This court has on occasion felt obliged to take note of the trial court's opinion when evaluating the court's formal findings. Thus in Mar Gong v. Brownell, 9 Cir., 209 F.2d 448, 450, we said: 'Fairness to the appellant requires us to examine the findings in the light of the court's opinion', noting that the rules of civil procedure require a court's opinion in a case tried without a jury to be made a part of the record on appeal, and deducing from that that the court is authorized to examine the opinion for the purpose indicated. In Ly Shew v. Dulles, 9 Cir., 219 F.2d 413, this court vacated and remanded for further findings a judgment based upon the district court's findings that certain plaintiffs had not proven their American citizenship. The remand was based upon the fact that the district court's opinion disclosed that the court had 'proceeded on the theory that the burden of proof * * * was different from and heavier than the ordinary burden of proof resting on the plaintiffs in civil actions-- a theory which was and is untenable'. The opinion of the district court on which this ruling was based contained the following statement: 'Where entry into the United States is sought upon the basis of the entrant's claim to United States citizenship, the rule is that the proof of the alleged citizenship must be clear and convincing.'2 (Ly Shew v. Acheson, D.C., 110 F.Supp. 50, 58)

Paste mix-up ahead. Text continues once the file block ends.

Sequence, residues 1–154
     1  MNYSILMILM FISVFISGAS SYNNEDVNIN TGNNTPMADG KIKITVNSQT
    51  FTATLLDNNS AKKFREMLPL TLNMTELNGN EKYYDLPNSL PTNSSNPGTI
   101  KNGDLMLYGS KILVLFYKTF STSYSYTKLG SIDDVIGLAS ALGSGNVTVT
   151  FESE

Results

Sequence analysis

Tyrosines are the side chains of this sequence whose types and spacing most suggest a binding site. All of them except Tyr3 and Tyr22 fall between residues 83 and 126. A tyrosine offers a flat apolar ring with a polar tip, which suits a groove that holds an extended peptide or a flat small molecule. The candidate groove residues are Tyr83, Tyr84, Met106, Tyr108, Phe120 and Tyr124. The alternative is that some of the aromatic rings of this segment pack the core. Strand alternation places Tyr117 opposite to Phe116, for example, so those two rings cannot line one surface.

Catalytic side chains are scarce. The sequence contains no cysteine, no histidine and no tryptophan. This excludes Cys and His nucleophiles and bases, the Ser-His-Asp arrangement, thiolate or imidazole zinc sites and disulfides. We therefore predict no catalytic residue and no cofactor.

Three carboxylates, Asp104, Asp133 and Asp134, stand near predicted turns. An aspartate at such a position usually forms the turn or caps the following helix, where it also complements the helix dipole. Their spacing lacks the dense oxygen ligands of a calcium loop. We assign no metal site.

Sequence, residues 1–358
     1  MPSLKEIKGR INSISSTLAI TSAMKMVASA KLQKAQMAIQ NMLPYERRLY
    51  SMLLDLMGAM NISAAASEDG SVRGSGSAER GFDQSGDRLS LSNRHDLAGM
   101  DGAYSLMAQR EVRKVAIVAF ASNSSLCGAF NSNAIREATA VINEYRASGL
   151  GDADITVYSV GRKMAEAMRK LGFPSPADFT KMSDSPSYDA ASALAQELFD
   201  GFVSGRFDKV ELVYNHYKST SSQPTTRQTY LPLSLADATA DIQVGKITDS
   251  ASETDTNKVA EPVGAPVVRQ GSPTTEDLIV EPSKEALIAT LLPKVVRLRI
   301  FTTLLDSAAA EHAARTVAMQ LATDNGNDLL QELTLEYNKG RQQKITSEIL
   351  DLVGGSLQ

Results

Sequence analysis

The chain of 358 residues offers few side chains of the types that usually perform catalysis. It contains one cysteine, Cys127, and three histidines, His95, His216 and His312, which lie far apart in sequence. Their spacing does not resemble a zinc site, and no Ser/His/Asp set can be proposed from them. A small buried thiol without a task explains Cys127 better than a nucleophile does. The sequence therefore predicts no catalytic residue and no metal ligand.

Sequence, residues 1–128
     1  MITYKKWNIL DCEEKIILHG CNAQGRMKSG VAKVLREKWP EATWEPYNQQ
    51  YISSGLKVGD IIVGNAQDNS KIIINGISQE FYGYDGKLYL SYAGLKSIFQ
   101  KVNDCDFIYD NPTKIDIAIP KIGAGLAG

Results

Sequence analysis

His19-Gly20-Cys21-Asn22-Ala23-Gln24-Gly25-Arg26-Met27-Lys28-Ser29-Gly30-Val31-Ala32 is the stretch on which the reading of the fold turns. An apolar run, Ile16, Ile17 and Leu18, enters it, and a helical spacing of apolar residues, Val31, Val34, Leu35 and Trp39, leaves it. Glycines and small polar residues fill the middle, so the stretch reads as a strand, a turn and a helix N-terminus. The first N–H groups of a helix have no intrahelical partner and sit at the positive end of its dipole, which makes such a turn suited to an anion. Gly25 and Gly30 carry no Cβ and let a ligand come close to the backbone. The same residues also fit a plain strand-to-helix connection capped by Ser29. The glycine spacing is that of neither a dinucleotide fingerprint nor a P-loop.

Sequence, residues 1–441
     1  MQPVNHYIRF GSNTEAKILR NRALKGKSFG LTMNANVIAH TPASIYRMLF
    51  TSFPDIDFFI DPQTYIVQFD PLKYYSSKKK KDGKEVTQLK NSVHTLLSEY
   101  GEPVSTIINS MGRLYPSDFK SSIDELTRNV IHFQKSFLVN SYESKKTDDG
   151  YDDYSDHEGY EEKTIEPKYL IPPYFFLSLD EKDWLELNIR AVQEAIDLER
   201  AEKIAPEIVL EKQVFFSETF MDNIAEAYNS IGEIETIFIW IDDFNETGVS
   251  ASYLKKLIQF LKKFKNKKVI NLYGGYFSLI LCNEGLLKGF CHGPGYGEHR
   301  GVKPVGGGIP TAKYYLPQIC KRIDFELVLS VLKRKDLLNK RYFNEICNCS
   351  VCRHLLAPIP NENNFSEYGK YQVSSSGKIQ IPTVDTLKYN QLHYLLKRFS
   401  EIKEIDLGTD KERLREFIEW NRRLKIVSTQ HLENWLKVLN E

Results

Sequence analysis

We recognize the possibility that the trial court in this case may have used the words 'clear and convincing demonstration' inadvertently; or that in view of the context it might have used them having in mind merely that in connection with winter voyages involving special hazards an appropriate degree of care to meet those circumstances is required. However, in fairness to the appellant, we cannot assume that the use of this language indicating that the trial judge was placing a greater than ordinary burden of proof upon the carrier was inadvertent and unintentional and had no effect upon the findings themselves.